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There was an outcry in February 2014 during the Wales V England Six Nations defeat when George North, continued to play despite having received two blows to the head and the second certainly resulting in unconsciousness.
Being knocked unconscious is unfortunately part and parcel of playing contact sports such as Rugby. Increasingly though there has been more awareness raised on the long term impacts of the dangers of playing your favourite sport.
With 94% of elite level rugby players experiencing one or more concussions then this is not something to be ignored.
The World Rugby Protocol states that a player should be immediately and permanently removed from the field of play where there are any visible symptoms or suspicion of a potential concussion, but in practice this is not always the case. In George North’s case his team and medics simply did not witness the concussion and he was left on the field to play.
A major study of Rugby Union players (both professional and amateur) in New Zealand, comparing brain function with non-contact sportspersons (Hockey and Cricket) indicates that there possibly are long term brain issues for the rugby players and for people who have been concussed more than four times.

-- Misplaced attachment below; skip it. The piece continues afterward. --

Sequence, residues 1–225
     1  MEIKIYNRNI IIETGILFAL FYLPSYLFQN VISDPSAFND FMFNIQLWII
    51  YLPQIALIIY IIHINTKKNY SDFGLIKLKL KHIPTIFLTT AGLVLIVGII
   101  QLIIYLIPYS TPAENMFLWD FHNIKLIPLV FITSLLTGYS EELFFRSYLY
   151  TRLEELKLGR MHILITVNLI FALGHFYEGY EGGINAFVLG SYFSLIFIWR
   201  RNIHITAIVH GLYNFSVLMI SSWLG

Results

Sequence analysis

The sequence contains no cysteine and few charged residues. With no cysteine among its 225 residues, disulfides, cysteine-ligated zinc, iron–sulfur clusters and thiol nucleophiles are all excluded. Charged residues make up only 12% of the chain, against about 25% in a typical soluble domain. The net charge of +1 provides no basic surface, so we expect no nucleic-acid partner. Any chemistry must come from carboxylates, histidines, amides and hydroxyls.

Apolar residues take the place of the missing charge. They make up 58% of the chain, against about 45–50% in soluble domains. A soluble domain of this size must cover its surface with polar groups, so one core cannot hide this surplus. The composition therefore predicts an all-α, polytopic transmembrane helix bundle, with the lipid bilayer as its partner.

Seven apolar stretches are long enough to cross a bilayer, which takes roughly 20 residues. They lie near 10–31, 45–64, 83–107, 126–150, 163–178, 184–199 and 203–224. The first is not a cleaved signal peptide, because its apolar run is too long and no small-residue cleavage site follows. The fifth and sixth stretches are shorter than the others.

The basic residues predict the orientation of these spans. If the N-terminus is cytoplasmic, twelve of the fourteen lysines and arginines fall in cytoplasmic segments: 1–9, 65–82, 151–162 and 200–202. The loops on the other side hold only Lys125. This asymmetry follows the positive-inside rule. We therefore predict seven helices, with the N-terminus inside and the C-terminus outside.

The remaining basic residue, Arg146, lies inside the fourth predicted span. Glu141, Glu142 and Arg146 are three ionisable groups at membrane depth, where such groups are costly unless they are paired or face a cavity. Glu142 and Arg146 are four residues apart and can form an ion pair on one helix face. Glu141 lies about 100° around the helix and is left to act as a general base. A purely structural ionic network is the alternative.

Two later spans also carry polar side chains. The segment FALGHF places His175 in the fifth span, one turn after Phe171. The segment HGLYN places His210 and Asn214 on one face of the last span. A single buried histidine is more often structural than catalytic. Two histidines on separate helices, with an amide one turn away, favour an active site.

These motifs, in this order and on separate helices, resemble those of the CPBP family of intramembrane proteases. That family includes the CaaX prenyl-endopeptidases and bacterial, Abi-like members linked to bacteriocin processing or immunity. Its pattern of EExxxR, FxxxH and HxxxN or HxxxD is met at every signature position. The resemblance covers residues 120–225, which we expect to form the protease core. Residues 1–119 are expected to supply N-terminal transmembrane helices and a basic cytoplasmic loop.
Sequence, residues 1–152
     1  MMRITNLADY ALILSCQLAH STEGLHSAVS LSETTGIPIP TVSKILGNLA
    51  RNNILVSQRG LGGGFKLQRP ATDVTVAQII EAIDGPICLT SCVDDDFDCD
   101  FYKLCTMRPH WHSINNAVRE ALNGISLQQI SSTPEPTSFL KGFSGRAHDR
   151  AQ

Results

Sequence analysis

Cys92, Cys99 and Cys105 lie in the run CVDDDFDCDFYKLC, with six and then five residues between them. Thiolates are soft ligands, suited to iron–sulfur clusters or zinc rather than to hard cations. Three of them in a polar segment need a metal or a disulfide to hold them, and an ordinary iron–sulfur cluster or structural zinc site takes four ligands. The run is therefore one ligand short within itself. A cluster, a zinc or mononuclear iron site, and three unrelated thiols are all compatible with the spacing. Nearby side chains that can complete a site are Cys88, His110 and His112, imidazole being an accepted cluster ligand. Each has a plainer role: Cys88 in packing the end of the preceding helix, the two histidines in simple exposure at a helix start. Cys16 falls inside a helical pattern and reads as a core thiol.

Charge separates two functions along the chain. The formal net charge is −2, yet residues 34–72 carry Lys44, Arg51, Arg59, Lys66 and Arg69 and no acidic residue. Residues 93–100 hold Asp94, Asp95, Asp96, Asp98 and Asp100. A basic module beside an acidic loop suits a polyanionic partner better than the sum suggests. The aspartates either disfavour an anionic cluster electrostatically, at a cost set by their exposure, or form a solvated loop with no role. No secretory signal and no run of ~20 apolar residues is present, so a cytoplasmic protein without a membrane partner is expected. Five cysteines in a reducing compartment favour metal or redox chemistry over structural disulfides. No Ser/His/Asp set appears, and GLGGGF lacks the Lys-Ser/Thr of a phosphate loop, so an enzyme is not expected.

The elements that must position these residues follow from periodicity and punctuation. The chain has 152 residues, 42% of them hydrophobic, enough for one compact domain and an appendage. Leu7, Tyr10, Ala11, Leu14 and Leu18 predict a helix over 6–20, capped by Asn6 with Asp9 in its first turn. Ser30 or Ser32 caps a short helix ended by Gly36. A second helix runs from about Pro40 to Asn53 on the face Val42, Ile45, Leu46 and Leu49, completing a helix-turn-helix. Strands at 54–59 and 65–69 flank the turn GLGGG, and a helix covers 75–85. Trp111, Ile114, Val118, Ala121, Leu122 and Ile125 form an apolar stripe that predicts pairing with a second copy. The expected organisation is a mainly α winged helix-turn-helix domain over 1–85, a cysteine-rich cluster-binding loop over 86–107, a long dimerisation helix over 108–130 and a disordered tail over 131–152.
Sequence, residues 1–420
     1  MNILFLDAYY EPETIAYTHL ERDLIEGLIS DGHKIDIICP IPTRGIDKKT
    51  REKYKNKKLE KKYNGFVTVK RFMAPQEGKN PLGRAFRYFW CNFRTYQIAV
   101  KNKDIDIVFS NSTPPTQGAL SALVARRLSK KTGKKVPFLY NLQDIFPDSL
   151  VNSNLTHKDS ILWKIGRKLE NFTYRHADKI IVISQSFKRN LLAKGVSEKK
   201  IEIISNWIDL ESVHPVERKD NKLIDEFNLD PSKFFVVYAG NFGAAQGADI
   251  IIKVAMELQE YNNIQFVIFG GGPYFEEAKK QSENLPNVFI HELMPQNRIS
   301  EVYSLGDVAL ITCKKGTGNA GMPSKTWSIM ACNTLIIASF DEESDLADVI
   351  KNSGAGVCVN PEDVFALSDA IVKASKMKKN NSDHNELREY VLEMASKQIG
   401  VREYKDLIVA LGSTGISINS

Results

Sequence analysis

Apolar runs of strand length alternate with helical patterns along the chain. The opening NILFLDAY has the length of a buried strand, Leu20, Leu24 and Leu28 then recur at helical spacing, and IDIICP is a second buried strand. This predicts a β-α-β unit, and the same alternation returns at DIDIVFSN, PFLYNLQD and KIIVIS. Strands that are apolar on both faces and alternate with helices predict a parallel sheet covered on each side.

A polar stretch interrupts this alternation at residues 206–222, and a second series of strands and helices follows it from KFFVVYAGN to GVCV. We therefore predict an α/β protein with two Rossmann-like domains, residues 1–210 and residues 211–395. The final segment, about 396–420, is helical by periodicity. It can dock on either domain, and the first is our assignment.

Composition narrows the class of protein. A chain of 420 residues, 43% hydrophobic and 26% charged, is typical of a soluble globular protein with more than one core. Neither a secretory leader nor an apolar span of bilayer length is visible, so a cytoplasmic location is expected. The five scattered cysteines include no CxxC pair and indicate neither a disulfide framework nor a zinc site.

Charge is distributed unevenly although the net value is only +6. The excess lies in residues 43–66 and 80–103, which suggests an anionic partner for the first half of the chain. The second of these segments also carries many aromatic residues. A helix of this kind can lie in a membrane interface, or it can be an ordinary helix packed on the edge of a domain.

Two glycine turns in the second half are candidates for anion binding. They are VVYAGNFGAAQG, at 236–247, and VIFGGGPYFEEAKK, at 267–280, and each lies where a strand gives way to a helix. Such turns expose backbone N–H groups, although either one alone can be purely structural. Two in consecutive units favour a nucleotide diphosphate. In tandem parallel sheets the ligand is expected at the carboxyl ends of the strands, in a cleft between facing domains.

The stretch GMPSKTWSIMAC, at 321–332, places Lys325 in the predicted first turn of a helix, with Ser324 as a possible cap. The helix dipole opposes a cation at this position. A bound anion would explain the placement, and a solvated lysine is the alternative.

Researcher Professor Hume said rugby players who has suffered four or more concussions performed worse in tests measuring mental and physical coordination, motor speed and multi-tasking. World Rugby chief executive Brett Gosper described player welfare as his number one priority, saying he wanted more research into preventing and managing concussion. “While the study does not provide any definitive conclusions, we are alive to all potential risks and, as such, we will continue to prioritise research in this very important area,” he said.
It is clear there needs to be a continued cultural change in the world of rugby and contact sports in general, as the effects of brain injury can be far-reaching and long term. But perhaps the hardest task is getting a player to want to come off the field in the first place.